As Black Friday approaches, I was thinking about my Canadian retail friends. Black Friday wasn’t even a thing in Canada seven years ago. Canadian Thanksgiving is in October.

The Canadian retailers needed a new reason to throw an event, so they followed their American cousins into the Black Friday frenzy.

Just another reason to give a discount to get more sales. It’s kinda funny. Canadians don’t get a Thursday vacation.

My friend Bruce owns five pizza restaurants. He believes customers only come to him because of his flyers. So he runs a flyer every three weeks. He’d do them every week, but he can’t afford the shipping costs.

The pizza business is notorious for this type of behaviour. Once upon a time, I used to work for a pizza chain. We did the same things to keep franchisees and the top brass happy.

Eventually, the marketing effort fizzled out. We chased the transactional customer, who wanted the best price. At that time, we had two people answering phones on a busy Friday night.

Do you know what the number one question was?
Yep, you got it. “What’s your special?”

Some customers ordered after hearing about the specials, while others promised to call back. We have no idea if they did.

Bruce doesn’t understand the difference between a transactional customer and a relational one. He’s dehydrating in the desert, and he doesn’t realize there is a cooler filled with fresh water to his left.

He thinks the easiest path to sales growth is chasing these low-margin, fickle customers who only want the best price.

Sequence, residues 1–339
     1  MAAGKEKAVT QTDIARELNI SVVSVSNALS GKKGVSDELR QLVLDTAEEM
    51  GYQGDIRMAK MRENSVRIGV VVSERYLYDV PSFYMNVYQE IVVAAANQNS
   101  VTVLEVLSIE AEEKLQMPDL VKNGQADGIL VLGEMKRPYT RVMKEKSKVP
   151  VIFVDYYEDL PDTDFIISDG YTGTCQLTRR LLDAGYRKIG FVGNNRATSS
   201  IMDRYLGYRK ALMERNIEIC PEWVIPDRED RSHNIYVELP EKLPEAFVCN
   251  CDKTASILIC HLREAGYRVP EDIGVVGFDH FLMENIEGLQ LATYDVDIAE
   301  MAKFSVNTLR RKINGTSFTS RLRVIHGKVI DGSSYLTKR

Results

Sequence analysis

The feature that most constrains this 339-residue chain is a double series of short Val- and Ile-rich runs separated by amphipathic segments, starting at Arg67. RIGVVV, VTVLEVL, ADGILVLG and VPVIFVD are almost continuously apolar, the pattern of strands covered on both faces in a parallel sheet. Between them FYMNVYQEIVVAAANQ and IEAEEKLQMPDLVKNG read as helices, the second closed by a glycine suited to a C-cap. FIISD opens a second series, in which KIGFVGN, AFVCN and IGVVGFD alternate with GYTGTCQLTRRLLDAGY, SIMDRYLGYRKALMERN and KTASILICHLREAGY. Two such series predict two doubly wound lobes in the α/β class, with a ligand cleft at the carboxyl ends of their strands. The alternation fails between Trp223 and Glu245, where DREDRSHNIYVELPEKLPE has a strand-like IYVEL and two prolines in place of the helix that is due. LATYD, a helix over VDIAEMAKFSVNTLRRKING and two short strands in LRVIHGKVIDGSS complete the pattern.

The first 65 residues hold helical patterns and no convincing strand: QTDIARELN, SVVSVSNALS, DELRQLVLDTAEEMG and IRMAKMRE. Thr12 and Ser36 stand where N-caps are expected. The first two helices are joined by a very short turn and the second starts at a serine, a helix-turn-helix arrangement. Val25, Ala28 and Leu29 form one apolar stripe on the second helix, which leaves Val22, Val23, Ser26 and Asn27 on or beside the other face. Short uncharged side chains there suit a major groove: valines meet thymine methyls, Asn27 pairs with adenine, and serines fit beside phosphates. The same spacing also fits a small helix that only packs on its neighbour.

I order six pizzas from Bruce’s restaurant every four weeks for a gathering of friends. The first time I ordered, they gave me a $40 discount. I didn’t ask for it. Didn’t know about it. Didn’t need it. But do you think I took it?

Of course. I like money. You wanna give it to me? I’ll take it.
The interesting thing is the second time I ordered the same six pizzas, I expected the discount. I asked about it.

He converted a loyal, relational customer into a transactional one at his own expense.

Bruce knows the restaurant business.
But he doesn’t understand marketing for long-term growth.
Bruce believes in short-term sales tactics.

I can’t change his mind. I’ve given up trying.

I’ve seen this re-run before.

I was thinking of Bruce while visiting a Factory Outlet store in San Marcos, just outside of Austin, Texas.

There were Bruces everywhere. 60% off. Buy one, get one Free. Buy one, get one-half price. The parking lot was full. Customers were buying stuff. Looked like a good day for transactional business.

There was one store not promoting discounts.
There was a line of customers hugging the outside of the building.
They had security managing the door and the hoards of people.

The hoard didn’t want pizza. It wanted her Italian cousin: Gucci.

The pizza industry has made itself a commodity. It’s like wheat, or salt. Sales are made on the lowest price. A special we offered at the pizza chain 15 years ago is only $3.00 more today. This means the sellers are making less money when you consider inflation.
The only way Bruce makes a living selling pizza is by selling stacks and stacks of them.

He’s playing a volume game.

Pizza is not Gucci.

The next time you run a sale to attract a customer, think about your pricing strategy.

This approach is hurting your long-term brand. Unless you’re moving old inventory or perishable stock, you’re training customers to want you for the price.

Price is the easiest to match.
Competitors will drive you out of business using this strategy when they have more money than you.
Simply by outlasting you.

That’s what Walmart did.
They’re the king of transactional sales.
Not very Gucci.

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